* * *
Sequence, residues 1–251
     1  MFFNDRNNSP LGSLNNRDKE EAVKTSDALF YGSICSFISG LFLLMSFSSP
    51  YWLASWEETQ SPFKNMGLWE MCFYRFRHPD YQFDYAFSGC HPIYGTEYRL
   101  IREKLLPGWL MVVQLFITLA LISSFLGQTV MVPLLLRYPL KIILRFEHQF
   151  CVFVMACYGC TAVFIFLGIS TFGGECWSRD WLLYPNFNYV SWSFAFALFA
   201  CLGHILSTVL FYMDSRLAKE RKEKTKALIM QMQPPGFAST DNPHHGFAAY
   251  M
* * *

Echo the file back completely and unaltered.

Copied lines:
Sequence, residues 1–251
     1  MFFNDRNNSP LGSLNNRDKE EAVKTSDALF YGSICSFISG LFLLMSFSSP
    51  YWLASWEETQ SPFKNMGLWE MCFYRFRHPD YQFDYAFSGC HPIYGTEYRL
   101  IREKLLPGWL MVVQLFITLA LISSFLGQTV MVPLLLRYPL KIILRFEHQF
   151  CVFVMACYGC TAVFIFLGIS TFGGECWSRD WLLYPNFNYV SWSFAFALFA
   201  CLGHILSTVL FYMDSRLAKE RKEKTKALIM QMQPPGFAST DNPHHGFAAY
   251  M